Are You 'Body Aware'?
Updated: Aug 23, 2020
OUR ACTIVE CULTURE
Am I going to make that deadline? What am I going to eat for dinner tonight? How bad is the traffic? What is my password again? How many likes did I get? And the numerous other thoughts that run through your mind on a daily basis. Newsflash: you are not wired to be constantly wired.
Add on to that a busy schedule, keeping you going from sunrise to sunset, that leaves you very little time to pay attention to anything else.
WHY DOES THIS MATTER?
By staying constantly active, you don't allow yourself the time to mentally scan your own body and notice the beginning symptoms of imbalance. This constant state of activity is impacting how well you are "body aware" and it is body awareness that we need to catch the early signs of symptoms before they become chronic conditions.
WHAT IS BODY AWARENESS?
The traditional interpretation of body awareness is the knowledge of where our body is in space, especially as it relates to movement. This is the physical component of body awareness, the sensory information that our brain receives from our muscles and joints. But there are health practitioners who are taking body awareness to the next level by encouraging people to become more aware of their body's internal dialogue - yes, I am one of those health practitioners. This is a more introspective approach - actually taking time to mentally scan your own body and understanding what is normal and optimal (for you) and what is not. By paying attention to your body's expression of internal activities, you will begin to recognize when the body is sending signals of distress.
A really easy example to understand is pain, most people understand that when something is painful, there is something wrong. A more overlooked example, and one I see in my practice often is fatigue. It's normal to be tired after not getting an adequate amount of sleep the night before but when that fatigue is constant and continuous no matter how much sleep you get, you should recognize that is not optimal or normal and seek help in determining the root cause of the fatigue.
HOW DOES BEING "BODY AWARE" HELP IN FUNCTIONAL MEDICINE?
Functional medicine uses science-based diagnostic testing combined with a detailed, comprehensive exam, that utilizes your input to look at the root causes of your symptoms. There are often times that I work with a patient and when they start to feel better, they begin to notice all the symptoms that were there from the beginning but discounted them as "normal". Please don't mistake common for normal. These are things such as fatigue, difficulty sleeping, pain, complaints related to menstruation, concerns related with aging, bloating, acne and the list goes on. It's not that the symptoms were not there, the patients were just not "aware" of them.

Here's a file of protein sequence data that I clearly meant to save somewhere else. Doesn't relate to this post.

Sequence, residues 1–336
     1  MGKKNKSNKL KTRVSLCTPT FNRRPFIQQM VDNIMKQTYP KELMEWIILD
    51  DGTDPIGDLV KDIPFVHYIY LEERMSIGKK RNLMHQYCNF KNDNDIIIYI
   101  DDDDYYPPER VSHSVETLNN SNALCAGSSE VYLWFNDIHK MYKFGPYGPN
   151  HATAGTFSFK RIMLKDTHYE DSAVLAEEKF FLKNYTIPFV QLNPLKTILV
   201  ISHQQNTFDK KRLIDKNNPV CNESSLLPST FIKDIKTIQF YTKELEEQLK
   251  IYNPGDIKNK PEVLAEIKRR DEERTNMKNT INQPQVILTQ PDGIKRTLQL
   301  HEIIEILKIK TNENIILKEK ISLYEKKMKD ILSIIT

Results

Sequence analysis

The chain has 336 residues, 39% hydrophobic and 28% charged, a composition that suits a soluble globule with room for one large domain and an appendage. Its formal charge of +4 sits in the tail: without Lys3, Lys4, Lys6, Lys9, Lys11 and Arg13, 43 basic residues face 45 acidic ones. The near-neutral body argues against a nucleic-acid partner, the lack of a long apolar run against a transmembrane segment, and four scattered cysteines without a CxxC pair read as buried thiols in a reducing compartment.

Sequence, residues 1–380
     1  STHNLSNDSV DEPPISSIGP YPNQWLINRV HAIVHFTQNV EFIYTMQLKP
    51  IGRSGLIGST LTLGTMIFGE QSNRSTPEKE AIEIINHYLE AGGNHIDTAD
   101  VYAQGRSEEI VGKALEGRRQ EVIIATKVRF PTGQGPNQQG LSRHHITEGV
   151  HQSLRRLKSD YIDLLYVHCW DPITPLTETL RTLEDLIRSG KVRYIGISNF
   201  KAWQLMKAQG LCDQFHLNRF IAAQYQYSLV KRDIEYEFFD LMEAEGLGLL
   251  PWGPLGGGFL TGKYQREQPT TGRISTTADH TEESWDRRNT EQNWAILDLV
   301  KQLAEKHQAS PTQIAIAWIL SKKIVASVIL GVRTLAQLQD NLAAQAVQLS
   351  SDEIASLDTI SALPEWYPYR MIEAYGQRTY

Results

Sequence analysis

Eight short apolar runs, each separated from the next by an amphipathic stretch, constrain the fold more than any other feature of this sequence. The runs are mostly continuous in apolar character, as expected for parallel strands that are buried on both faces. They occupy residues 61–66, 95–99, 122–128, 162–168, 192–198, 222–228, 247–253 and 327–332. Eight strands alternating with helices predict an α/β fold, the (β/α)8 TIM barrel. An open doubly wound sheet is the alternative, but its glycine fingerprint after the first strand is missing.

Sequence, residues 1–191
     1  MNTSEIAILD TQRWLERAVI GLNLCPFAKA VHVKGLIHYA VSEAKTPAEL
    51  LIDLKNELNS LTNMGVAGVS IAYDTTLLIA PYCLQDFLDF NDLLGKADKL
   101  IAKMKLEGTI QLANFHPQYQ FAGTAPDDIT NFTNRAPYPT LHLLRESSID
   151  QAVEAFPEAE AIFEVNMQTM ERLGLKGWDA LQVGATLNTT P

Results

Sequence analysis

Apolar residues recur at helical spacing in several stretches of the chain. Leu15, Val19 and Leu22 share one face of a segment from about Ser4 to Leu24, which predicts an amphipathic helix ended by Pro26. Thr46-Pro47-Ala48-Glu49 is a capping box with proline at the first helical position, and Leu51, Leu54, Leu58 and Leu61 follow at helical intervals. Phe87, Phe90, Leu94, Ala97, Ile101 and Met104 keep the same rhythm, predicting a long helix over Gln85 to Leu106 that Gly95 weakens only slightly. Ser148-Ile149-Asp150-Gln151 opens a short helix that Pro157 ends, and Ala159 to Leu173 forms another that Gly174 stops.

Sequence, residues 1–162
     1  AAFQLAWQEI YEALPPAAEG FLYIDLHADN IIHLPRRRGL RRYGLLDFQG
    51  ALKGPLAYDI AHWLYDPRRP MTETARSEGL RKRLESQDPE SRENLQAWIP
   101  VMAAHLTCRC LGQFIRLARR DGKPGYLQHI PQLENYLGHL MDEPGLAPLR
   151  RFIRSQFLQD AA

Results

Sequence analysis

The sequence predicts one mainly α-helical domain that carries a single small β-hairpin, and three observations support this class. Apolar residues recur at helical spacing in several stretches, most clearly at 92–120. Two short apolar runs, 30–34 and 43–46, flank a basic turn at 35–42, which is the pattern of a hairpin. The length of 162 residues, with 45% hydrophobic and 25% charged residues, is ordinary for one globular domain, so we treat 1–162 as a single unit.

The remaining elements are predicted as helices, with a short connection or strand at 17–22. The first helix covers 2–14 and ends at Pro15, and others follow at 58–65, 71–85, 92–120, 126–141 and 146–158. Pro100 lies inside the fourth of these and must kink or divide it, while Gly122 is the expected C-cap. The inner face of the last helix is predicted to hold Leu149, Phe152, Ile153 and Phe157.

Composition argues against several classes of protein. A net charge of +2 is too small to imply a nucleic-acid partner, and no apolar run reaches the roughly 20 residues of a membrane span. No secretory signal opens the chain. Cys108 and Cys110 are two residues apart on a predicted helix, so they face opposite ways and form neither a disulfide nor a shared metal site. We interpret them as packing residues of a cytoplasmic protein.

If you are body aware, you may recognize these symptoms and be able to detect problems before they become chronic or critical.
TIPS FOR DEVELOPING BODY AWARENESS
Becoming body aware starts with taking time to be still and quiet, without distractions and movement.
I recommend meditation to many of my patients. For some it sounds difficult, boring or even scary, especially if you have never tried meditating before. If this is you, I highly recommend Headspace - an app that will take you through 5 - 15+ minutes of meditation utilizing breathing, visualizations and noting techniques. Headspace also has specific meditations for sleep, motivation, creativity, and other life challenges which may be disrupting your ability to find calmness.
Know Your Body
Begin to learn what your body needs for adequate sleep/rest, movement and energy. Every body is different - some people need more sleep than others and some people need to release more energy than others. Movement, rest and energy are fundamental needs for the body and learning what specifics your body needs will help increase your body awareness.
Learn about nutrition and how it impacts your body. I'm not saying go and Google search nutrition, I'm referring to learning about what you are putting into your body and the effect it has on you. I recommend patients keep a food diary for a little while and record what they eat and how they feel after each meal. I also have them record sleep patterns, bowel movements, mood changes and other observations specific to them. By doing this, they often realize foods that are not optimal for their body. Try keeping a food journal for a week or two and see if you notice anything.
Depending upon the state of your health, you should periodically and regularly perform a body scan. It's easiest to do this in the morning. Sitting still with eyes closed, visualize your body from head to toe and make note of how you feel. By doing this regularly, you will begin to notice changes and how those changes may be affecting you physically and emotionally.
Lastly, of course, I recommend finding a functional medicine practitioner or naturopathic physician. One who will sit and speak with you about your concerns and health related goals. One who will perform an in-depth consultation and exam then make recommendations for diagnostic tests that are specific for you. You and your health care practitioner will then be able to use this information and work together to find what is best for you to achieve optimal health and wellbeing.
In Health and Happiness,
Dr. Erin Stefanacci